About two and a half years ago, Liteboxer co-founder and CEO Jeff Morin was at robotics and devices firm DEKA Research and Development Corp. when he got a call from Todd Dagres, a venture capitalist and fitness enthusiast who liked to box.
Dagres, a founder and partner of Spark Capital, wanted to replicate the experience of sparring with a partner in a gym at home. Although he had a heavy bag at home, he found that the experience wasn’t remotely the same. It lacked the excitement and adrenaline rush that comes from actual sparring.
The venture capitalist thought Morin, an MIT-educated mechanical engineer, was just the person to bring that concept to life. That’s how Liteboxer began to take shape.
Liteboxer began shipping its in-home units about a year and a half ago. The Liteboxer fitness unit can be mounted to a platform or to a wall. The workout is fun — like a combination of the 1980s game Simon and Dance Dance Revolution. The company’s engagement statistics show that users work out 18 or more times per month on the hardware. Peloton-like classes on the Liteboxer app lead the user through combinations and sequences of punches backed by the Universal Music Group’s catalog of songs and artists.
The device has a steep price point — starting around $1,500 — but that’s where a new VR app for the Oculus Meta Quest comes into play.
During the holiday shopping season 2021, demand for the Oculus soared. The Oculus app that is used to set up and manage the Quest 2 was the most downloaded iOS app on Christmas weekend that year. The installs of the Oculus app soared more than 150% year-over-year during that period.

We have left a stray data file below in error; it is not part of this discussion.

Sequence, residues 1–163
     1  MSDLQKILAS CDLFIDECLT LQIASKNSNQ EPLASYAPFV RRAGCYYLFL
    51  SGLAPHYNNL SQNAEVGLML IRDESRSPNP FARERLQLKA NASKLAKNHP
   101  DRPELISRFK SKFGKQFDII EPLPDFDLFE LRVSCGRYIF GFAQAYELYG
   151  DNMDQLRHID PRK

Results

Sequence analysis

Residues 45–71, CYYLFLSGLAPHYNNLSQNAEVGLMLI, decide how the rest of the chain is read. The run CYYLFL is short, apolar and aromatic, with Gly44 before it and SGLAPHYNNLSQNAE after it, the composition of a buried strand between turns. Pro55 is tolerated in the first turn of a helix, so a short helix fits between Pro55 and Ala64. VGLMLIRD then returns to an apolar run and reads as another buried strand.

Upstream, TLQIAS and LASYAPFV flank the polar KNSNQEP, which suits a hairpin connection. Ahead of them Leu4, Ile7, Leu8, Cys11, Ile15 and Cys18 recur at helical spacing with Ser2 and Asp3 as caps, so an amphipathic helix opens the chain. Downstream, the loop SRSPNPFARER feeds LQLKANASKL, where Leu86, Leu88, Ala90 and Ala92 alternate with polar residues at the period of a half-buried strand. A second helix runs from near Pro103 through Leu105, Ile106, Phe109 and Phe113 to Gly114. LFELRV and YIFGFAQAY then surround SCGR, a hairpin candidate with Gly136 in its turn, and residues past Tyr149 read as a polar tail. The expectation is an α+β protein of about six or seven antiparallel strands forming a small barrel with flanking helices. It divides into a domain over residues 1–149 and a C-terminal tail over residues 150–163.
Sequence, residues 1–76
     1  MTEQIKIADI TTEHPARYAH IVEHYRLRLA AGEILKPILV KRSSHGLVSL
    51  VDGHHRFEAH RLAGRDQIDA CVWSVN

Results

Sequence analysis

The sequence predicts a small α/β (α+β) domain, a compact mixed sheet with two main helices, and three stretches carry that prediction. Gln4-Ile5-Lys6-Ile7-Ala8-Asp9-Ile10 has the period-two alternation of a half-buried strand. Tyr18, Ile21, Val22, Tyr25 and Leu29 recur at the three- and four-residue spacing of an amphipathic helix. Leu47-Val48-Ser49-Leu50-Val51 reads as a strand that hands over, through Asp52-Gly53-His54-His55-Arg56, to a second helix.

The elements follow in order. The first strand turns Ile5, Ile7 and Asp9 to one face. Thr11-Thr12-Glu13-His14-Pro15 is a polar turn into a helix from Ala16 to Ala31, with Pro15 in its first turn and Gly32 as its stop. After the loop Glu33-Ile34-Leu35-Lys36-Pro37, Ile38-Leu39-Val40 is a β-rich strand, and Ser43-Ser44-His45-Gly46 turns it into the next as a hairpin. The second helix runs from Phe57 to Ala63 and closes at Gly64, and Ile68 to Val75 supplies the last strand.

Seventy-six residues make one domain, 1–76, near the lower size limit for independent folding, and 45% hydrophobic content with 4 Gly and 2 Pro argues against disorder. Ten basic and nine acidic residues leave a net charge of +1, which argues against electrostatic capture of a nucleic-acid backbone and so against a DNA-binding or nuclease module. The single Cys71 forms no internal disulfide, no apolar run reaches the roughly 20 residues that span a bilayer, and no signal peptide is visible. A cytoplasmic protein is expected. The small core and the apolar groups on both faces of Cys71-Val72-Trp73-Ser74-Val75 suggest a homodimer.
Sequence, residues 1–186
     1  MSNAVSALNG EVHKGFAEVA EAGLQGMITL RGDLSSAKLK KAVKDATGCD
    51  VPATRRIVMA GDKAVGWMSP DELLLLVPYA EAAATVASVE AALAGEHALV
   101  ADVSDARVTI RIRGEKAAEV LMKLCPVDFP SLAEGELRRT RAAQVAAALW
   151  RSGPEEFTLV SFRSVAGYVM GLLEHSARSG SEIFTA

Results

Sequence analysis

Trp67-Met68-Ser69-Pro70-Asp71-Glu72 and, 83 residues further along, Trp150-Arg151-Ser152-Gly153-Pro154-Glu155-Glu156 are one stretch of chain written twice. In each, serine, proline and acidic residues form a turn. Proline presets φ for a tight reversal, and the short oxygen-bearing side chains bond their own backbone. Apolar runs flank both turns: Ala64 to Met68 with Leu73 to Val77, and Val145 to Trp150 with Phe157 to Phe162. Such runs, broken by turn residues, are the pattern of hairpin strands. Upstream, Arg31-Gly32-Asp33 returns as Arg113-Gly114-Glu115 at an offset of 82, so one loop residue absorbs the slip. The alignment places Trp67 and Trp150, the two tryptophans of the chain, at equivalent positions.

Earlier this month, Liteboxer released its VR application on the Oculus Meta Quest. The app is stil in an early iteration, which allows users to “punch” a virtual version of the Liteboxer unit. Eventually, however, the app wil replicate the experience of boxing an actual opponent, according to Morin.
Liteboxer provided me with demo units of the Liteboxer device and the Oculus Meta Quest to try out. Co-founder and CEO Morin also sat down for an exclusive Q&A about the journey to market, the challenges the Covid-19 pandemic has presented his growing technology company, and why he sees such huge potential in fitness in the metaverse.
This interview has been condensed and edited for clarity.
Business of Business: How did you get involved with Liteboxer?
Jeff Morin: I’m an MIT-educated mechanical engineer. Todd is a VC guy who liked sparring with a trainer at the gym. He wanted to bring that experience home. He contacted me to build it.
How would you describe Liteboxer to someone who has never heard of it and/or isn’t familiar with boxing and sparring as a fitness activity?
I’d describe working out with Liteboxer’s hardware or VR app as the Words with Friends of boxing. Users can challenge friends to sparring challenges and attempt to beat their score. Liteboxer is more like esports than a fitness class in that it becomes so much fun to take the challenges that it keeps the user coming back for more.
The average user of fitness devices is shifting away from the baby boomers and to younger generations. Liteboxer is more like a video game or Esports 2.0 – you’re playing a sport while working out and having fun. It can be compared to Guitar Hero – you’re having fun and getting better at it the more you do it, but with Liteboxer, you’re getting healthy and in shape at the same time.
How does the music factor into the experience?
The music was the hardest part of the development of Liteboxer. It was also the most expensive. With our licensing agreement with Universal Music Group, users can work out to any of the artists on that label. The music helps trick the brain into enjoying the activity while working up a sweat and improving cardio endurance.